You don’t need this app. There are good guides available on the Apple website to help you get the best performance and extend the life of your Mac laptop’s battery. You can even download from that page an iCal file that will add periodic reminders to your calendar, so that you’re more likely to remember to calibrate your battery. Follow that advice, and respond to the reminders, and you and your computer’s battery will be fine.
I’m on the second battery in my MacBook (which is coming up to its fourth birthday this week). Apparently it’s in quite good health at the moment, though it’s lost 18% of its capacity. You see, I’m not so good at remembering to calibrate it, and because I tend to use it all over the house, it’s constantly being plugged and unplugged, and is drained completely on most days. I’m not so hot on looking after batteries…
And so, though I know I don’t need it, I think Watts is well worth having. Read on for an introduction to this little app that could make it easier for you to look after your laptop’s battery.
What it Looks Like
Watts runs as a menu bar application – you can use it in place of the standard OS X battery monitor.
Click on the icon, and you’ll see a dropdown menu with a little more summary information:
The top section summarises your battery health and charge remaining, and the current battery state – whether or not your computer’s plugged in. The Show submenu lets you choose the form of the menubar information: you can opt to display the battery icon on its own, or add the time or percentage of battery charge remaining; or you can switch off the icon and show either the time or percentage on its own.
The Energy Saver Preferences link is useful for getting to the Preference Pane that controls your Mac’s energy use settings – you can also go there to turn off the built-in battery status monitor and opt to use Watts instead.
How it Works
The Calibration menu is where Watts gets down to its real work.
You’ll see that Watts remembers when I last calibrated the battery, and lets me know when I should do so again – six weeks after the last time. Click on the ‘Show Calibrations History Log’, and a new disclosure panel lists the dates on which the battery was properly calibrated:
The panel beneath that information changes as you go through the stages of calibration – in this screenshot, it’s showing what needs to be done in the first stage, though the information is greyed out since my machine’s not plugged in, so Watts knows that I’m not at that phase in the process.
As you follow the steps, notifications will pop up to remind you to move to the next stage in the process. I found this really useful, because I can never remember whether it’s three or four hours you’re supposed to let the machine rest after completely discharging the battery… Actually, it’s five hours, and you need to make sure it’s unplugged, which is the guidance given in step 5 of the calibration process.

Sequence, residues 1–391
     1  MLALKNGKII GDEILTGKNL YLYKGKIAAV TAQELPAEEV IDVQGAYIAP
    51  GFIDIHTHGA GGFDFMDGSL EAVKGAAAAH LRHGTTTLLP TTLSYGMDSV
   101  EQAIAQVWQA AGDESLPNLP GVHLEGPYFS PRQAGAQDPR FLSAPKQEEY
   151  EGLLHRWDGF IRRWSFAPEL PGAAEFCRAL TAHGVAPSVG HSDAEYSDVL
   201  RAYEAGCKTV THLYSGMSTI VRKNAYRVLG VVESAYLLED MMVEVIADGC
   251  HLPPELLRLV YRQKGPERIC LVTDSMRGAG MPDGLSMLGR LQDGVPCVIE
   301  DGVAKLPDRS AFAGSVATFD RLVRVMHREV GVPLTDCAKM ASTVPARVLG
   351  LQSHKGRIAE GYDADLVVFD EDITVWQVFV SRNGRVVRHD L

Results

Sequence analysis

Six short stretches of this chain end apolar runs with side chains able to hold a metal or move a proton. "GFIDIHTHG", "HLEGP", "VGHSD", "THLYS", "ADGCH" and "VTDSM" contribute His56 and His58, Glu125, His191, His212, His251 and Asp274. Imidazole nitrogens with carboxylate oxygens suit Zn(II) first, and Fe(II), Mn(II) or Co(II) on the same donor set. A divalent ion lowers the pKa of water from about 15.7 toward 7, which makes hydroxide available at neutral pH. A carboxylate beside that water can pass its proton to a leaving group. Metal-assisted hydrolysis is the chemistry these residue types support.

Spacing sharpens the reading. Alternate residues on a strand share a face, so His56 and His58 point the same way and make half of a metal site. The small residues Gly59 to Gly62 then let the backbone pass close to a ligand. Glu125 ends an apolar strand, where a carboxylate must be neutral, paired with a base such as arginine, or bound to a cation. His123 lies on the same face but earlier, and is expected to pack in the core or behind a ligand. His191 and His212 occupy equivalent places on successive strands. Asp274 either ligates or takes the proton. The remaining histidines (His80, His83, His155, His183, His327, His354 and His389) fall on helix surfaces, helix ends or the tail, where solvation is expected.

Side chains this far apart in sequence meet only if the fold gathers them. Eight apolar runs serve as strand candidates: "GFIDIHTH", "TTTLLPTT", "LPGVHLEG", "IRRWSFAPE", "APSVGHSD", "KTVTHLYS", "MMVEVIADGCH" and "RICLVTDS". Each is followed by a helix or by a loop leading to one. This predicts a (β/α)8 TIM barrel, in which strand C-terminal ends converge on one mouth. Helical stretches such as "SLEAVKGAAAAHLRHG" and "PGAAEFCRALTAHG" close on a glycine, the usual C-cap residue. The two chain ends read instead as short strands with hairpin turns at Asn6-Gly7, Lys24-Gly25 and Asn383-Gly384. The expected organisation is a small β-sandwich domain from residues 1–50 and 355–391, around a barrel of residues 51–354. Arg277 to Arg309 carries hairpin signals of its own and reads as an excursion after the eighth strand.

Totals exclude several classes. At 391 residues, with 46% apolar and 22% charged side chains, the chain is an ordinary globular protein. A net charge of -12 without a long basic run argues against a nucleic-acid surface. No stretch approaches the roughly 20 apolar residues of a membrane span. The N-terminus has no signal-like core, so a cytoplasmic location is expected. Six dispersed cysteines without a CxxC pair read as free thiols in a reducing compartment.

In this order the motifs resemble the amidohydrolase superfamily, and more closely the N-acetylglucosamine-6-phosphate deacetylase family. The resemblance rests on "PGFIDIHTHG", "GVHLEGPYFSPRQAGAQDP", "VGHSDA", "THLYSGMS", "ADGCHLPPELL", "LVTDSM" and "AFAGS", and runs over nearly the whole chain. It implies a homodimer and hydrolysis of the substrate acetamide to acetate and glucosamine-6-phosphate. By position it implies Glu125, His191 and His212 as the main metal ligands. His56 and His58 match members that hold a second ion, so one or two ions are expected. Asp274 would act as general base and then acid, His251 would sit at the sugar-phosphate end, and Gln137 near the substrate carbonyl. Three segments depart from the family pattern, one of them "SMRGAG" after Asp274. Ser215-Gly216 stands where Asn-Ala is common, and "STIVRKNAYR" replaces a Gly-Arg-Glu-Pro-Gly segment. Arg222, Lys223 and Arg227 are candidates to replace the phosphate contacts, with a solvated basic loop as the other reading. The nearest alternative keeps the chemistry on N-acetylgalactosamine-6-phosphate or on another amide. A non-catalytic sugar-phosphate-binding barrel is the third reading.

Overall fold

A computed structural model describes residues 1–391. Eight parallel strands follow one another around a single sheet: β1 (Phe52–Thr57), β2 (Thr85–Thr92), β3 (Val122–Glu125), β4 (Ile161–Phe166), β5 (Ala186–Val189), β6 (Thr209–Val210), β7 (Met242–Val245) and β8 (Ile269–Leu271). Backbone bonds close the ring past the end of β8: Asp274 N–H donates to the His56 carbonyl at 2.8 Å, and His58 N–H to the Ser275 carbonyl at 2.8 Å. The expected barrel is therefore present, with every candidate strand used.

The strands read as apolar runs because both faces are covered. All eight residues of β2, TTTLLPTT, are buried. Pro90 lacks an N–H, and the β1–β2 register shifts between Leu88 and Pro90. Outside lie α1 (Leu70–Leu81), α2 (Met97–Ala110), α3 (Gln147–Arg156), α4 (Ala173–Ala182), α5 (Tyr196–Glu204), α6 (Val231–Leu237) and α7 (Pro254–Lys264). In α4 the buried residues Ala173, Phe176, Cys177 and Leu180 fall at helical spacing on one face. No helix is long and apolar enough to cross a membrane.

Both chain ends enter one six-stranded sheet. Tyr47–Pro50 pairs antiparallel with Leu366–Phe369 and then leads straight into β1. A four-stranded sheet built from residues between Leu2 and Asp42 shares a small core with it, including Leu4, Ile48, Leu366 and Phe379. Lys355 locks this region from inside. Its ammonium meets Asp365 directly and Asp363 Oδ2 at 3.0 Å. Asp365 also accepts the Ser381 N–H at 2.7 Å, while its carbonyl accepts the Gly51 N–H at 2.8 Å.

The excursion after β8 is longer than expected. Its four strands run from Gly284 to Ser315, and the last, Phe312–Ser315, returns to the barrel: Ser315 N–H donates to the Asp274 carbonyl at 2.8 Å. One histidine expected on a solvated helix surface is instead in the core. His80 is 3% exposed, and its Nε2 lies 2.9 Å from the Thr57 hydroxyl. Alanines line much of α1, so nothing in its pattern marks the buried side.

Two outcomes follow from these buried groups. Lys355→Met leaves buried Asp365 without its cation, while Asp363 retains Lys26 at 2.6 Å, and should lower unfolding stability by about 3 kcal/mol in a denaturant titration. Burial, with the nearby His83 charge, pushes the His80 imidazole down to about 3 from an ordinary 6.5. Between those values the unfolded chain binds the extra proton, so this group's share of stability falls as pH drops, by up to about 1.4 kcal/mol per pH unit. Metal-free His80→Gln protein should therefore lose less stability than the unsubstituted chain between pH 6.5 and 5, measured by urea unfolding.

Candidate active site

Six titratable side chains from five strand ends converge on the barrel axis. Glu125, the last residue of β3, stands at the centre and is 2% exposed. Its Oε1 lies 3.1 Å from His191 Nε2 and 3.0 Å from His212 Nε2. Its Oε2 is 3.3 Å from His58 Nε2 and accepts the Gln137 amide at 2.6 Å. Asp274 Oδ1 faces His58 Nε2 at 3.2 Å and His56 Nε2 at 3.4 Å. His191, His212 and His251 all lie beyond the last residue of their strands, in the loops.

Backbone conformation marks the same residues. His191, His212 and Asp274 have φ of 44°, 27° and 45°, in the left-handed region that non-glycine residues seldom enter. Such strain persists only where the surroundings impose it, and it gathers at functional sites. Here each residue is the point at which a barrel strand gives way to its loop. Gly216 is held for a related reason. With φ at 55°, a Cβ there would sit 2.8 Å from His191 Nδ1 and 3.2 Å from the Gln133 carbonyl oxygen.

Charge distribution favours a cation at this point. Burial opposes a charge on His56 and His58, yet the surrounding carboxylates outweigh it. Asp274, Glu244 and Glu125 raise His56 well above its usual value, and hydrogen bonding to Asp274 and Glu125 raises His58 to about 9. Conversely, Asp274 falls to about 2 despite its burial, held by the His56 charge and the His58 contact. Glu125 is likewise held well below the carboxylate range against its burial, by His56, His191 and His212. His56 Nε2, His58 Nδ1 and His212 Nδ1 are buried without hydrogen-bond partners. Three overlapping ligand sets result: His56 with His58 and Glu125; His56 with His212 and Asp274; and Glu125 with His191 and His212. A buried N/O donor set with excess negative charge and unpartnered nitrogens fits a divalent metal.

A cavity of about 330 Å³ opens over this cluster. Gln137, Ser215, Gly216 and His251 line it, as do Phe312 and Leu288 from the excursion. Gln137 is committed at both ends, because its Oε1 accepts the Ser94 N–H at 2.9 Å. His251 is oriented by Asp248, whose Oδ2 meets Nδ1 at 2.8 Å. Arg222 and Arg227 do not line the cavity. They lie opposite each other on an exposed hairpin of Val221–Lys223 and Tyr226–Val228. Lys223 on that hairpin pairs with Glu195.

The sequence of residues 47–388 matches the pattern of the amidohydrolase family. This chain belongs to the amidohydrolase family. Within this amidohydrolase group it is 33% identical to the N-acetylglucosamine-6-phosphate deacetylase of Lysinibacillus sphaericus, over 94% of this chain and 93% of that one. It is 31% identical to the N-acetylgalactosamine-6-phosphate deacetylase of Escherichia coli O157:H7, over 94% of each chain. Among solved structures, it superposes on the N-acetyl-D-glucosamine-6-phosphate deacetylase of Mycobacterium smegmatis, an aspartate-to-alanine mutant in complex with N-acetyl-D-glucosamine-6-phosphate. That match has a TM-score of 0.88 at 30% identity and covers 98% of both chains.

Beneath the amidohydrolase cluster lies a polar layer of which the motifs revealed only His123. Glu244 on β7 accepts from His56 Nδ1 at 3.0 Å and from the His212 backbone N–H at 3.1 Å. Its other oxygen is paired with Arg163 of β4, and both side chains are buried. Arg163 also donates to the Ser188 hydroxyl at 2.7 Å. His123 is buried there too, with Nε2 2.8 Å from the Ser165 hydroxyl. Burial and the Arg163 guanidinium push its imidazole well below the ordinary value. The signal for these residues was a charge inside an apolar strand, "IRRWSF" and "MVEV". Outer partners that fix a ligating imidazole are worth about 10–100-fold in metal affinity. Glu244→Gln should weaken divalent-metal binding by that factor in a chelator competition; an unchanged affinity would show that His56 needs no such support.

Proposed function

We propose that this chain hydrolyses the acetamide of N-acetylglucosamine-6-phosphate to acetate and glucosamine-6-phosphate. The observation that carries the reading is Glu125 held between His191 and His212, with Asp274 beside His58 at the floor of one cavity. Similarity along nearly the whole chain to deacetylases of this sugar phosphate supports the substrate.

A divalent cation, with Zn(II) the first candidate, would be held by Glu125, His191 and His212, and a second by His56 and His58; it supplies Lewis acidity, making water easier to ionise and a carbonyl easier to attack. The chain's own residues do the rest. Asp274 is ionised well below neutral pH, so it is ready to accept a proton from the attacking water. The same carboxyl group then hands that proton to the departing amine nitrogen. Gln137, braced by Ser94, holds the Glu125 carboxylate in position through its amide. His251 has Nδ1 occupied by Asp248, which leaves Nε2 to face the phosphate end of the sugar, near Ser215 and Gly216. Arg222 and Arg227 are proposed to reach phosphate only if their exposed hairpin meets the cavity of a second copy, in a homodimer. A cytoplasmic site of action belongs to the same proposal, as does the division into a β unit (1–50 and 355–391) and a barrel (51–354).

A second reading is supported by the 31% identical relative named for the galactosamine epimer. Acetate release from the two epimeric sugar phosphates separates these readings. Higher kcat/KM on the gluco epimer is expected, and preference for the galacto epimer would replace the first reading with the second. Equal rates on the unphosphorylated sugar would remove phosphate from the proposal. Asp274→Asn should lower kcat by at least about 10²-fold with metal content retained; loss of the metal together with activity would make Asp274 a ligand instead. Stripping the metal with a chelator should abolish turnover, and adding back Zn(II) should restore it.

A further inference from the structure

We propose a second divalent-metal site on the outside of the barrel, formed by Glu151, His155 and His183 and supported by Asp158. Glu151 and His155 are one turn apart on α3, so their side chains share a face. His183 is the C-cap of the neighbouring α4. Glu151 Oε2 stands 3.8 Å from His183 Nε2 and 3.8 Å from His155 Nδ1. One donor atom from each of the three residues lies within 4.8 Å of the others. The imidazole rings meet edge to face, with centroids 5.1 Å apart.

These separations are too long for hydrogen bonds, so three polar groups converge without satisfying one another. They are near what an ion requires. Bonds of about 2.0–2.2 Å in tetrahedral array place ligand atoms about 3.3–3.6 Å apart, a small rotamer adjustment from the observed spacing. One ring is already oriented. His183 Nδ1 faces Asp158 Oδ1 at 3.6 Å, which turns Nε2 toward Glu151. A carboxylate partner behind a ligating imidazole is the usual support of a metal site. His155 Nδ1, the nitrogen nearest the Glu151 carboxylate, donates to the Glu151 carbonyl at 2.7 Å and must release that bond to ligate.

Other Settings and Information
The other tabs on the interface let you see more detailed information about your battery: current number of charge/discharge cycles, battery capacity and current condition, and a textual summary of the same information:
The Notifications tab lets you set various kinds of reminders. Watts can work with Growl to let you know whenever the power cord is plugged in or removed.
This is worth knowing when you’re in the process of calibrating, since you need your machine to rest in either a charging or discharging state for various lengths of time, and Tiddles the cat can quite easily unplug a MagSafe power cord if he so chooses.
I also appreciate the reminder after 30 hours of plugged use that it might be a good idea to unplug for awhile and let the battery discharge a bit. And although I’ve not made use of the Long Term Storage reminders, I can see they would be helpful if you knew you were going to be away from you Mac for more than six months (*shudder*).
The final tab simply lets you manage how Watts works with the rest of your system – whether it starts automatically when you login, whether it uses a grayscale rather than a colour icon, and at what point after your last calibration it lets you know that it’s about time to run through another.
The Calibration and Information tabs have some useful information available from their help menus – click on the word ‘help’ at bottom right, and you’ll see (grammatically imperfect, but) clear explanations of various aspects of the app as well as top-tips for battery care:
These are nicely done – the information is clear and helpful, and some care has been taken in presenting it well.
You don’t need this app. You will probably be fine without it, especially if you’re someone who remembers to do the right thing with your Mac’s battery. If you’re like that, I’m not like you, and I find Watts really helpful – and my guess is that many readers will be like me in this regard.
Watts is cheap and elegantly designed; it does a good job, and could save you needing to purchase a new MacBook battery a year down the line!